Trees stand both at the edges of our world and in the heart of it, listening and absorbing.
They appear to be silent and non-judgmental, but if you stand long enough in their presence, you can hear them whisper prayers to the wind when it caresses their leaves at twilight, or murmur their stories of what they have seen – all the drama and the laughter and the excitement and the history and the sheer dogged survival, being bent into shape by nature or by the hand of man, how they stayed beautiful, or became ugly…
Go into the woods and listen, really listen.
Baobab Forest – Photo by Charlotte Steppling
10 Amazing Ancient Forests around the World
Baobab Forest, Madagascar and South Africa: The first time you lay eye on a Baobab tree, one sound will go through your head: The Lion King theme, Matt Bell writes at Afar.
Then, you’ll notice that they’re so much bigger in real life than you ever imagined. Having grown on this soil since before the time of homo sapiens, the Baobab is Africa’s tree. No one knows for sure how old they are because their trunks are ringless, but carbon dating says anywhere from one to six thousand years old.
Getting back to nature can be like going back in time, especially if you wander through one of these woodlands—all amongst the oldest on Earth. Some are old growth, meaning they haven’t been molested much by people, while others are forests that have been regenerating on the same land for time periods that make centuries look like seconds.
And a few, like the Bristlecone Pine Forest in California, are made up of some of the oldest existing living life forms. Lace up your hiking boots, grab your pack, and prepare to enter some of the most ancient places on our planet.
Trees Bent By American Indians Being Identified and Preserved
Bent by Native Americans to mark trails, Indian marker trees are being lost to history.
“A lot of people don’t recognize what they are and they’re a really important part of the history of this country,” Earl Otchingwanigan, Ojibwe, says. He has found a trail marker in the shape of the letter “N” near his Crystal Falls, Michigan home. “There are a lot of messages on this earth that people cannot take for granted anymore.”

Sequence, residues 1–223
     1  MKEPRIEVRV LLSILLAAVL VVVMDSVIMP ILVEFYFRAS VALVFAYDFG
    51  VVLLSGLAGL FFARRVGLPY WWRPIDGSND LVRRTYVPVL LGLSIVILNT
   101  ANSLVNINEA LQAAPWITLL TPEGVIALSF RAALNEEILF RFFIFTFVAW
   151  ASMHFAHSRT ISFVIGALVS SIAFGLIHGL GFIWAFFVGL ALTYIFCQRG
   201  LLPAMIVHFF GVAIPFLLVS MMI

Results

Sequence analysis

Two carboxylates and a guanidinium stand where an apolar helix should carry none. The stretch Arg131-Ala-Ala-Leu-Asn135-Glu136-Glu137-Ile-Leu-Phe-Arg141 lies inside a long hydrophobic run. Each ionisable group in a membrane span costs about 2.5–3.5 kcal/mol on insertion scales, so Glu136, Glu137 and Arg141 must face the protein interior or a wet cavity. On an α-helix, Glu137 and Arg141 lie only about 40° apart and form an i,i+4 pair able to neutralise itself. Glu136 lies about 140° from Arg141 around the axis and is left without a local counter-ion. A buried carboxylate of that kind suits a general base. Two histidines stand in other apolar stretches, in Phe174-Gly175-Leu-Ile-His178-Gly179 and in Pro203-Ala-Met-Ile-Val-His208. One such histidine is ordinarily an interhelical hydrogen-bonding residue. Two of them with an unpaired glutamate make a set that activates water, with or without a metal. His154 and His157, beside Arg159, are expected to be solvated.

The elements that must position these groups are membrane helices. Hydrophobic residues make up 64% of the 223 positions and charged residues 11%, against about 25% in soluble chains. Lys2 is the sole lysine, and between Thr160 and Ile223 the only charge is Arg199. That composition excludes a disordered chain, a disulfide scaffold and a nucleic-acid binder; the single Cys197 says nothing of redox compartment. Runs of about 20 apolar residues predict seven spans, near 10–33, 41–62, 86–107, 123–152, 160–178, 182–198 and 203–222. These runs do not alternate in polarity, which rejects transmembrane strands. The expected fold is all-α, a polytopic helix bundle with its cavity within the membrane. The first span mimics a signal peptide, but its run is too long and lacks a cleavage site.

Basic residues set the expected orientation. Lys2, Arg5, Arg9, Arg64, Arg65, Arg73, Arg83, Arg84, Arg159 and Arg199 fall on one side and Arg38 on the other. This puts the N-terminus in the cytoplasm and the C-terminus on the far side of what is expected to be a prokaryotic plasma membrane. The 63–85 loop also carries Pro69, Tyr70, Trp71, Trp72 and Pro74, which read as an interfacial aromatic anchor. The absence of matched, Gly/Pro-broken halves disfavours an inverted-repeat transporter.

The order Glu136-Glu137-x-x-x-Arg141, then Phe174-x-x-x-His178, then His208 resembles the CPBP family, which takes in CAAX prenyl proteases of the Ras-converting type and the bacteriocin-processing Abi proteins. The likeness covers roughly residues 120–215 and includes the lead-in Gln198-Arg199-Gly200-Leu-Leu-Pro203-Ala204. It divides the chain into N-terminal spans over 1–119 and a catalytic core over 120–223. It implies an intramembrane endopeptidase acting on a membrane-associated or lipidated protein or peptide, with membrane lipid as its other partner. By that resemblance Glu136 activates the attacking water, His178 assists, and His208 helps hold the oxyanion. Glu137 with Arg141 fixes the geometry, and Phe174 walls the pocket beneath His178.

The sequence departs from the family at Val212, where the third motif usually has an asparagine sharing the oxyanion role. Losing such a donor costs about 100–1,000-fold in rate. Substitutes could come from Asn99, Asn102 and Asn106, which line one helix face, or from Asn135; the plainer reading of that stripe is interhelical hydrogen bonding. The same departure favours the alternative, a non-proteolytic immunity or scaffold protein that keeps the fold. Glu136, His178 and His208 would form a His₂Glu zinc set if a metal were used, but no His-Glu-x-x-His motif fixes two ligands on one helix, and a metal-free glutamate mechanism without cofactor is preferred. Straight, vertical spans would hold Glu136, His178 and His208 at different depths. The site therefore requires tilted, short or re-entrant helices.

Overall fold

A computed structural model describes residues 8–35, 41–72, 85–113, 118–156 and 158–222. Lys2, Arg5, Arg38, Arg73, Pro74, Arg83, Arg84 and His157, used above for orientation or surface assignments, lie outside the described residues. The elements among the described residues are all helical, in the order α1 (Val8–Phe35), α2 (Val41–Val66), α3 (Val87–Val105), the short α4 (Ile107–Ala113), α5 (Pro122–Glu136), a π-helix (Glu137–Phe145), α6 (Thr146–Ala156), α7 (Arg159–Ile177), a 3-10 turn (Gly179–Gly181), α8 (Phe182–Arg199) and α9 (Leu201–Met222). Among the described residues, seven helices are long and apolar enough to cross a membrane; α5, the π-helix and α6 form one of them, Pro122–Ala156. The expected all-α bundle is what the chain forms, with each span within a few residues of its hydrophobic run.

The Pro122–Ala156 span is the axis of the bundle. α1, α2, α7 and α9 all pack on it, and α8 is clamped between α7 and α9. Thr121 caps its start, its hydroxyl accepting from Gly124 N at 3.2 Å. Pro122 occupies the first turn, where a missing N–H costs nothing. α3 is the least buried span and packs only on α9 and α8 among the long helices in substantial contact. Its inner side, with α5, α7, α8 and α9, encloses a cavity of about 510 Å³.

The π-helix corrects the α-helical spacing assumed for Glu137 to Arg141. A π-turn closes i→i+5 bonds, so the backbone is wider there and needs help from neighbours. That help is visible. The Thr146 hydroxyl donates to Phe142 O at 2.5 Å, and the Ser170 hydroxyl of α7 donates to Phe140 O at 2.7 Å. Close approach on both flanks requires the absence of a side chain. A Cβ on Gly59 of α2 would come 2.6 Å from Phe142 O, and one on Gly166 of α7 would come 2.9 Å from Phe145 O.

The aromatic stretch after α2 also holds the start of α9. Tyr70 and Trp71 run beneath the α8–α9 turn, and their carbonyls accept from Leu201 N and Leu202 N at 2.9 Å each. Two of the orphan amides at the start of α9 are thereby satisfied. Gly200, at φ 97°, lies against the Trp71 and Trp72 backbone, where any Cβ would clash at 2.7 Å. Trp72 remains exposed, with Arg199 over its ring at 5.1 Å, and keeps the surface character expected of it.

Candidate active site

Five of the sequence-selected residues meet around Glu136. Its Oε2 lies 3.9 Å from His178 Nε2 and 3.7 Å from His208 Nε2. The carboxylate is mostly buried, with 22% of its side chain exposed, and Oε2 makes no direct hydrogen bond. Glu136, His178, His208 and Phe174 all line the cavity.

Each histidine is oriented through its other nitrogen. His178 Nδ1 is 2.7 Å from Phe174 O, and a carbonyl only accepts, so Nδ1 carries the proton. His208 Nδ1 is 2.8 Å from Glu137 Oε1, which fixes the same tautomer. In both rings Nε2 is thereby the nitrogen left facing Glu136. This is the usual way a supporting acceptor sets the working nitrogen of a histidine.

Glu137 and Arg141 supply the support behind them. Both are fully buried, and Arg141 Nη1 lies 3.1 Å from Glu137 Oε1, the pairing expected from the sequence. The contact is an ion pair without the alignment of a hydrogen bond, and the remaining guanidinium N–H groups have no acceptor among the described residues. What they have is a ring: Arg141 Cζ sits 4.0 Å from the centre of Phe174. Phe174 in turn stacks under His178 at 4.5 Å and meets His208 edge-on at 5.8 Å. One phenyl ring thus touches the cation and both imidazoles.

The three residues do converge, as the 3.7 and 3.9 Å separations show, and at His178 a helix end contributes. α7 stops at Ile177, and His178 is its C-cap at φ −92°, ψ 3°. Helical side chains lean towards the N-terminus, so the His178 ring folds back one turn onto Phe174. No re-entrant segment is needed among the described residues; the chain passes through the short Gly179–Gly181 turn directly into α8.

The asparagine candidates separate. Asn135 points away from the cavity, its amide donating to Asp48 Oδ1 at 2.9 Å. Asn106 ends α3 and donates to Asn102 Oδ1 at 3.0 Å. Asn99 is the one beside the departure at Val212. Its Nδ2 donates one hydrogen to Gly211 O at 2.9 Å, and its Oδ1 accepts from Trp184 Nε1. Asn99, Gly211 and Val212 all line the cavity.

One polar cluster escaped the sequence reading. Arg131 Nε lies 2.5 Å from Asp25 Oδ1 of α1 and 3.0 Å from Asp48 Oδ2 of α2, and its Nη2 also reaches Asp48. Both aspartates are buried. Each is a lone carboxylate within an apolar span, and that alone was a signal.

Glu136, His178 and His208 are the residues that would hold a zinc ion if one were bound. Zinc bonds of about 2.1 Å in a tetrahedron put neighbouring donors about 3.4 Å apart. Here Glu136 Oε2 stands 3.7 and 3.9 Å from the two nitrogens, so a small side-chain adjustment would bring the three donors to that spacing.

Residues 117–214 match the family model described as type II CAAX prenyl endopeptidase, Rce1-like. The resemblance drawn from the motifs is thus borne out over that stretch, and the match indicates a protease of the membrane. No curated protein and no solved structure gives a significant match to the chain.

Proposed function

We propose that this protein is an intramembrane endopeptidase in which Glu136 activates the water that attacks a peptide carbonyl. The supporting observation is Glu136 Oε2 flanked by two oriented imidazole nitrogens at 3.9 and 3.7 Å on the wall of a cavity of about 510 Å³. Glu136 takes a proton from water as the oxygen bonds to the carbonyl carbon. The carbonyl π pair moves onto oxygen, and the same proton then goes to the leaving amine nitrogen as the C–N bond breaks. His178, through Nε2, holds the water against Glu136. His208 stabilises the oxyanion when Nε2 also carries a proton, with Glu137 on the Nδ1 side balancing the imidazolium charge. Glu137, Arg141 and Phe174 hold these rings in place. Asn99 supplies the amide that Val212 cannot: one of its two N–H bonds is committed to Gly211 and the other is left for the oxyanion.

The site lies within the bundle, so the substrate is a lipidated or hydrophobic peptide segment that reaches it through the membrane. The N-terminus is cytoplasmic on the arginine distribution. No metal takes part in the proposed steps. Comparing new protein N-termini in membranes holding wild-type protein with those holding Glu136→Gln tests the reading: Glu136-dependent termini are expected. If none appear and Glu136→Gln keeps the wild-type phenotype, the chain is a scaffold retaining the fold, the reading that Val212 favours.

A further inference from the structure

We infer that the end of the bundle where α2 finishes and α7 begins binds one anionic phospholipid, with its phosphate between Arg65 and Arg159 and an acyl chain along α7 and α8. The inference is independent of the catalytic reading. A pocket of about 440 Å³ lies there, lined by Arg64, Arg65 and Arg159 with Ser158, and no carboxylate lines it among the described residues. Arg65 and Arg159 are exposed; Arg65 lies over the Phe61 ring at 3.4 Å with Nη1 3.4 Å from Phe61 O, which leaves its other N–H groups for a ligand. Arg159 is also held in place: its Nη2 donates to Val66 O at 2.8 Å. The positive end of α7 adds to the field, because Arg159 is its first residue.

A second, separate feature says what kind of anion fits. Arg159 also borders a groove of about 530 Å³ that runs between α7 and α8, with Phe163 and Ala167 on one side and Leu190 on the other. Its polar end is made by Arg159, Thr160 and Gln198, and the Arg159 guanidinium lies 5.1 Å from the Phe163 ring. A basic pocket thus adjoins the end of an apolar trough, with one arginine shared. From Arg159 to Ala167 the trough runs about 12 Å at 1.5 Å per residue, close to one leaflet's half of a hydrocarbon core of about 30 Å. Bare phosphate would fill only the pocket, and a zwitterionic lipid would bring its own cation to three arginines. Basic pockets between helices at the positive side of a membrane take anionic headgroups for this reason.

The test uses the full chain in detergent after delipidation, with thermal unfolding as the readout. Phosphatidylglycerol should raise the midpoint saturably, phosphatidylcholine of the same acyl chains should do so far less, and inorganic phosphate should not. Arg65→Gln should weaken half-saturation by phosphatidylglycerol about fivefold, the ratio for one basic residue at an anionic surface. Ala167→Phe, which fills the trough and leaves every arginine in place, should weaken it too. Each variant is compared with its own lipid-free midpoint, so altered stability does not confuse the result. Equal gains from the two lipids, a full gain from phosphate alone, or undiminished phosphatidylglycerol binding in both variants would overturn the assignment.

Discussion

A former Comanche Nation chairman has said the marker trees they have found likely helped Comanche warriors find water or shelter during battles with the United States military.
Several groups are now trying to preserve a few of them and a database of 1,850 marker trees in 39 states has been established.
World’s first evergreen skyscraper
Italian architect Stefano Boeri likes to mix engineered constructions with greenery.
His latest project is a 35-floor skyscraper in Switzerland that will be covered with over 100 trees and 6,000 shrubs,
Ten strikingly beautiful trees that seem to have come from another worldCypress trees, Caddo Lake
Sometimes when you look at the landscapes around you — especially if you visit a remote place — they seem to have been copied from the pages of a fantasy book. One of the most vivid ways in which life around us sometimes assumes an air of otherworldliness is in the shape and appearance of the trees.
Bright Side has collected photos of some of the most uniquely strange and beautiful trees on the planet.
Jurassic Bark: ancient Irish trees brought back to life
From the scattered remnants, Ireland’s oldest oak trees are being revived as part of a global initiative to propagate the DNA of ancient woodland.
A quiet corner of Kilbarry, Co Cork, so rustic that you half expect Hansel and Gretel to come bounding down with cookies, is at the cutting edge of an international campaign to help save Ireland’s forests, Darragh Murphy writes at Irish Times.
Ted Cook planting Brian Boru oak with Adam O’Donovan
At Ted Cook’s house, in unprepossessing boxes, lie no ordinary trees. They are oaks. Moreover, these are no ordinary oaks. They contain the precise DNA of the last remaining aboriginal native sessile and common oaks around Ireland. In the US, where they were grown, they were grafted on to root stalks before being sent on to Holland and imported back home.
“The Archangel Project sent tree surgeons up to the tops of about 130 of all the oldest trees in Ireland,” says Cook, who co-founded the first community NGO in Ireland, the Macroom District Environmental Group, in 1984.
Tallest American Chestnut Tree Found In Maine
A century ago American chestnut trees dominated the eastern woodlands from Georgia to Maine, Susan Sharon writes at MPBN News.
Growing straight and tall they were prized for timber. Wildlife depended on the nuts they provided every year.
Then came an exotic blight accidentally introduced from Asia and the species was virtually wiped out.
That’s why scientists are excited by a recent find in western Maine, a record-breaking find that is raising their hopes for the future, an American chestnut tree worthy of the record books.
Quote of the DaySee, I’m not paranoid. I am a writer
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